I was thinking the other day about a young friend of mine whom I’ve known for most of her life. She has been changing her self-definition in a way (as I will speak about in one of my Prayerful Pause meditations the first week in October). She is bi-racial and is choosing to emphasize one side of her heritage over the other now. Not everyone will SEE that change. Not everyone will AGREE with that emphasis.
It makes me think of our LGBTQ+ youth who finally adopt an understanding of themselves that others either can’t or won’t acknowledge.
I hold fast to the belief that we all get to define ourselves in life. No one else has the right to tell us who we are or who we aren’t … what we will be like … how we will feel or react in any given situation. And if that’s the case, then what do we do with people who define themselves radically different than the rest of the world sees them? (Think Florence Foster Jenkins who fancied herself a magnificent singer but who couldn’t carry a tune, yet because of her money, status and connections, was encouraged to continue thinking of herself that way.) Is that wrong?
And how does God see us?
I suspect that we are called to honor the vision that everyone has of her/him/themself even if we don’t appreciate the ways that self-definition manifests in our world. What do I do with the person who self-identifies as a white supremacist, a position I clearly abhor and disagree with? How do I rectify those two things? A child of God who, in my opinion, is not acting as a child of God?
Is there a difference between who I am and how I act?
If one is abhorrent to me, is the other or can I love the person but not how they move through life?
There is clearly a difference between accepting someone and respecting them. Right?
So how does that play out if there is no perceived integrity between someone’s self-definition and the actions/values they espouse?
How do we relate to someone whose definition of being a Christ-follower is so totally foreign to us that we cannot recognize the “Christ” they are purportedly following?
Ultimately, I guess, it doesn’t really matter to me how anyone else defines him/her/themselves. That’s between them and God. Right? I mean, that Reformed tenet that “God alone is Lord of the conscience” really speaks to me. But still I would like to support them as their (our) self-definition changes because we all do change our self-definitions in life.
One thing that struck me about the funeral of Queen Elizabeth II (and don’t get me started on the role of Empire and Imperialism), was that by her neutrality, everyone felt supported by her. There was a sort of graciousness present in her non-partisan acceptance of all.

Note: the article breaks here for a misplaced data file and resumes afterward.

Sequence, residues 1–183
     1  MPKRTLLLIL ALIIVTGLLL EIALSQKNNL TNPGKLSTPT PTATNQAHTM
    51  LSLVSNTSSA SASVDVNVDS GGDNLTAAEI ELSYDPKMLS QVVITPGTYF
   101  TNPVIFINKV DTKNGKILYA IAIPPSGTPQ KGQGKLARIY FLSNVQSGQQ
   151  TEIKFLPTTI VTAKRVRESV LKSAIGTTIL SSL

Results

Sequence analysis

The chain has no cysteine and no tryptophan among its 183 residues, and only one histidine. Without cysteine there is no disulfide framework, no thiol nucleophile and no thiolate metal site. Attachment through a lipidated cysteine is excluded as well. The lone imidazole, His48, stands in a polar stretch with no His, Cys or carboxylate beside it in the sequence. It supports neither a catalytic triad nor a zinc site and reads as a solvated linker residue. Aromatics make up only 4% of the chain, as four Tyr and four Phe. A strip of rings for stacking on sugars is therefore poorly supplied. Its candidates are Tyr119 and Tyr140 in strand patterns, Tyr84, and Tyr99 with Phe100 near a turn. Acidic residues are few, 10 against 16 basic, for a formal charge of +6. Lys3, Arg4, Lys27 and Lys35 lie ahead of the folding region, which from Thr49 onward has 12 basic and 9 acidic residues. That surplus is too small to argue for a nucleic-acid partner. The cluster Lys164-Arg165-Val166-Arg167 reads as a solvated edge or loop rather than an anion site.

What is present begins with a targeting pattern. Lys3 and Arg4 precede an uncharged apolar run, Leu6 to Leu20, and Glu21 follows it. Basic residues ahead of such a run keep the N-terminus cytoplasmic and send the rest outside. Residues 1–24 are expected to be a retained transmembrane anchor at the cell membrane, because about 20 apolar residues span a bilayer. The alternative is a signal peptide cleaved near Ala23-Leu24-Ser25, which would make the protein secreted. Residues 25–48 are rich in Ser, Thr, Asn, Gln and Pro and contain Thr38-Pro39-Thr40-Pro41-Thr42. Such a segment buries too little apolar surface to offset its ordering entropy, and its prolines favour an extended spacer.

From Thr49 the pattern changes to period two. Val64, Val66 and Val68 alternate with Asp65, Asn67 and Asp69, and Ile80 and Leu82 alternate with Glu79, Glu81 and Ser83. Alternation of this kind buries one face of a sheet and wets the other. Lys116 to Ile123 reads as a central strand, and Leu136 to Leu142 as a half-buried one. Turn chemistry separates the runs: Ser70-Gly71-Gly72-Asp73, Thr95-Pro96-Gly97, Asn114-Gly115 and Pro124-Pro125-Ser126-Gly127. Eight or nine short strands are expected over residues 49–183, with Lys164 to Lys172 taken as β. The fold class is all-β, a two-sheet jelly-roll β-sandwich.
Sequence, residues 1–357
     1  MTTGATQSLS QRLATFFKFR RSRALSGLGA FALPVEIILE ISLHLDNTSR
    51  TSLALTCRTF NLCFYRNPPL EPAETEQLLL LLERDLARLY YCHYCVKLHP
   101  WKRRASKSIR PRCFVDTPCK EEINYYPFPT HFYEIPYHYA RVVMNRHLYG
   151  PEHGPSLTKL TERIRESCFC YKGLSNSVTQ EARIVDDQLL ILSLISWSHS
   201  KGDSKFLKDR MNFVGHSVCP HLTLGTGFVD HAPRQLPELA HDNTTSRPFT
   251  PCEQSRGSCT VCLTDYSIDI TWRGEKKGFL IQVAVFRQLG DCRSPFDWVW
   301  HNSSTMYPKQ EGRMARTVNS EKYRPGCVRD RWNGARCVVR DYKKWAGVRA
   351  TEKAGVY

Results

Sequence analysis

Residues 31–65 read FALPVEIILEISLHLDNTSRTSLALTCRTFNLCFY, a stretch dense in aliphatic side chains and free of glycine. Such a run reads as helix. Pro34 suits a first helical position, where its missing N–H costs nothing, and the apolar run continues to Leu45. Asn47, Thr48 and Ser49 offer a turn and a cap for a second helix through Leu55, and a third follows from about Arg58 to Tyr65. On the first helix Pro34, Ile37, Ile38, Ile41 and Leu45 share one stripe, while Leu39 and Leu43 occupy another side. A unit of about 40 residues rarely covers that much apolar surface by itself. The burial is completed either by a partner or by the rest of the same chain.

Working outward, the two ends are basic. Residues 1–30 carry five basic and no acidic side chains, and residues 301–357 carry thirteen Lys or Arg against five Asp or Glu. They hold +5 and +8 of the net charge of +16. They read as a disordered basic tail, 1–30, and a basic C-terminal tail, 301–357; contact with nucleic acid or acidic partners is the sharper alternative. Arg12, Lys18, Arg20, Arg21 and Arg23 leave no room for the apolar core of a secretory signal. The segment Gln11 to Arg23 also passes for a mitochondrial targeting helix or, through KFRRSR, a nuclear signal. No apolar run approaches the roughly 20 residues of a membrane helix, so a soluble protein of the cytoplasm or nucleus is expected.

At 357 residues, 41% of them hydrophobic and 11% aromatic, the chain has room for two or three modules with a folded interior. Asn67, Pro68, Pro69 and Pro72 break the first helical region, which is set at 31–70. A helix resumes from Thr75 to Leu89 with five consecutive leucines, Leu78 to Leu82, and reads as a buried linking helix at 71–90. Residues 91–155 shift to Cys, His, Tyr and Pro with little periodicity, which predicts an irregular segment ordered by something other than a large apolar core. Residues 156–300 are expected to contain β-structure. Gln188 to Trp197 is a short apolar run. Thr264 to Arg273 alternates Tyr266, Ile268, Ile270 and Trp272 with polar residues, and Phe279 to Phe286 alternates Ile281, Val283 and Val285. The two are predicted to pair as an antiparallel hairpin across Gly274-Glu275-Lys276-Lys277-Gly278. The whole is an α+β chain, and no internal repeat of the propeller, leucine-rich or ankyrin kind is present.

And maybe that’s what we are supposed to be like as Christians. Jesus never demanded that people be like him or that they change in order to receive his blessings. He accepted them as they were and it was the reality of that love that changed them from the inside out.
It kind of makes me wonder how people might be changed now in our own time if we could love and accept them as they are even when we disagree with them … even when they don’t love and accept us. I mean … we ALL change. Right? So if I can bring myself to love them (despite themselves and despite my own biases), then maybe they would feel the freedom to explore other ways to define themselves like my young bi-racial friend. After all … the fact that people are different from me really doesn’t affect me at all, does it? They have the freedom and the right to be whomever they wish — and so do I. And we can love each other through the differences.
After all — through all the changes in the seasons of our lives, God is still God … Jesus is still Jesus … and the Spirit is still the Spirit.
It’s all good.
It’s all God.
And we are all the Beloved Children of the Creator.
What is Summer Sabbath?
July 26, 2022
Y’know, sometimes we get so caught up in the letter of the law that we forget the spirit of the law.
If I can catch you in an error of logic, then I can discount or discredit everything that you say.
The trouble with that, of course, is that in order to do that, I have to be laying in wait for you to make an error in judgment — I never really listen to you because I’m so busy formulating what I’m going to say to you next. It’s sort of equivalent to being so busy noticing the speck in your eye that I miss the log in my own (Mt. 7:1-5).
Sabbath can be like that.
Everyone has their own vision of what constitutes “sabbath,” which, of course, is a weekly day of rest, but what constitutes “rest” for me might be very different from what it might be for you.
How do you know if you’re “rested?”
Well … I know because I am re-energized. I’m happy and calm. I’m rested and more able to engage in life. I am more “present” to those around me and I am more optimistic than when I am tired. I’m more centered in the sense of the sacred around me; I am grounded in God’s Holy Hope.
And frankly, for me … those things come about in some ways that others can’t understand: creative website design, spending time with parishioners who also happen to be friends … even studying. Today it was shopping with my daughter for art supplies — a joy in itself as she’s one of my favorite people and if she weren’t my kid, I would want her to be.
Whatever you find relaxing and restorative — do it this summer as your Sabbath routine. God will find you in those activities and will meet you in the middle of whatever is meaningful to you. Wherever you go (even in a busy art store), the Spirit is already there greeting you!
Blessings on your summer and on your restorative process.
“After sending them home, he went up into the hills by himself to pray” (Mt. 14:23).